- Movie Screening: Worksheet (Click here to open)
- You have compared the 'beginning' and the 'ending' of the novel and the film adaptation of the novel directed by Colin Gregg (you can see it again in the embedded video below this). Do you think that the novel is more poignant than the movie? If yes, do you ascribe the fact that the power of words is much greater than that of the screen / visuals?
- How do you interpret the last line of the novel (It was done; it was finished.Yes, she thought, laying down her brush in extreme fatigue, I have had my vision.) with reference to the ending of the film (After the final stroke on the canvass with finishing touch, Lily walks inside the house. As she goes ante-chamber, the light and dark shade makes his face play hide-and-seek. She climbs stairs, puts her brush aside, walks through the dark and light to enter her room. Gently closes the door - speaks: "Closed doors, open windows" - lies on the bed and with some sort of satisfaction utters: "Dearest Briscoe, you are a fool".)
- What does the catalogue named as 'Army and Navy' signify? What does cutting of 'Refrigerator' signify?
- Why did Virginia give such prominence to the tale of the “Fisherman’s Wife”? In particular, why did she weave such a misogynist tale into the fabric of a book which so eloquently challenges received patriarchal notions about the roles and capabilities of women?
- How is India represented in 'To The Lighthouse'? (Read this blog for passing reference)
- Write summaries of these articles:
- Mythic Patterns in To The Lighthouse
- Fluidity vs Masculinity: Lily's Dilemma in Woolf's To The Lighthouse
- Vision in To The Lighthouse by Glenn Pedersen
Watch the film 'To The Lighthouse', directed by Clin Greg, written by Hugh Stoddart, Virginia Woolf (novel).
Watch biographical videos in three parts:
Watch biographical videos in three parts:
The Mind and Times of Virginia Woolf, directed by Eric Neal Young, 2002.
Presentations on Symbolism and Stream of Consciousness in 'To The Lighthouse'.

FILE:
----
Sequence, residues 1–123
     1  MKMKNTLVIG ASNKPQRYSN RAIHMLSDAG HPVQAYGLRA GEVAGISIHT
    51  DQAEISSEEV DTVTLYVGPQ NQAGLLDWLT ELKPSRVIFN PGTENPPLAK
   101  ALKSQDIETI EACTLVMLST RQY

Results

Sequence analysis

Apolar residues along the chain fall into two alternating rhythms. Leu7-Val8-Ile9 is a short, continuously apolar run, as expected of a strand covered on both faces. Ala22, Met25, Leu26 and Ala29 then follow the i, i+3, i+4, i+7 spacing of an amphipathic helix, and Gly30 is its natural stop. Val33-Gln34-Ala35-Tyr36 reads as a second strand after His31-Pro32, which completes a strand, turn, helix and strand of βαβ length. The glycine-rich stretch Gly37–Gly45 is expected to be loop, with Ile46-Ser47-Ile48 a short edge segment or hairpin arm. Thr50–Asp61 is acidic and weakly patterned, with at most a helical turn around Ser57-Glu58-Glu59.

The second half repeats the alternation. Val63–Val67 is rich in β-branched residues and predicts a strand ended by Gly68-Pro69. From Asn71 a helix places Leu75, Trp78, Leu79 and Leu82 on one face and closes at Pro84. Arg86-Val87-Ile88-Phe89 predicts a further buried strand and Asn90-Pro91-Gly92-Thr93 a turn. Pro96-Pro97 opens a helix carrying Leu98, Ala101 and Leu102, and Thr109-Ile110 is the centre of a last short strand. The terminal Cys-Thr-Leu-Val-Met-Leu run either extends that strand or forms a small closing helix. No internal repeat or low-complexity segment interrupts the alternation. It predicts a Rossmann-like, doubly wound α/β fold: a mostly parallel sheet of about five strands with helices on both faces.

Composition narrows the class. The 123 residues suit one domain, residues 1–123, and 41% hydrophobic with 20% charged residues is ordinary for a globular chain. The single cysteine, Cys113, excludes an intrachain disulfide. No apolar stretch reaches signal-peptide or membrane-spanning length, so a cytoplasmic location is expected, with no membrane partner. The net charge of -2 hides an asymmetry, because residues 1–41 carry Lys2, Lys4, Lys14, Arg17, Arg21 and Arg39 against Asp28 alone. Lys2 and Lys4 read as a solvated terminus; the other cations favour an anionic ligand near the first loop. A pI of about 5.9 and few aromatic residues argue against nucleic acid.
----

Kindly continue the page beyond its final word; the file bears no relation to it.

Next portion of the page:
Stream of Consciousness in Virginia Woolf's 'To The Lighthouse' from Dilip Barad
Articles for further reading:
Mythic Patterns in to the Lighthouse. Author(s): Joseph L. BlotnerSource: PMLA, Vol. 71, No. 4 (Sep., 1956), pp. 547-562Published by: Modern Language AssociationStable URL: http://www.jstor.org/stable/460631.
Fluidity versus Muscularity: Lily's Dilemma in Woolf's "To the Lighthouse". Author(s): André ViolaSource: Journal of Modern Literature, Vol. 24, No. 2 (Winter, 2000-2001), pp. 271-289Published by: Indiana University PressStable URL: http://www.jstor.org/stable/3831911
Vision in to the Lighthouse. Author(s): Glenn PedersenSource: PMLA, Vol. 73, No. 5, Part 1 (Dec., 1958), pp. 585-600Published by: Modern Language AssociationStable URL: http://www.jstor.org/stable/460303
Color in To the Lighthouse. Author(s): Jack F. StewartSource: Twentieth Century Literature, Vol. 31, No. 4 (Winter, 1985), pp. 438-458Published by: Hofstra UniversityStable URL: http://www.jstor.org/stable/441465
Language, Subject, Self: Reading the Style of "To the Lighthouse". Author(s): Rebecca SaundersSource: NOVEL: A Forum on Fiction, Vol. 26, No. 2 (Winter, 1993), pp. 192-213Published by: Duke University PressStable URL: http://www.jstor.org/stable/1345687
"These Emotions of the Body": Intercorporeal Narrative in To the Lighthouse. Author(s): Laura DoyleSource: Twentieth Century Literature, Vol. 40, No. 1 (Spring, 1994), pp. 42-71Published by: Hofstra UniversityStable URL: http://www.jstor.org/stable/441550
Articles for further reading: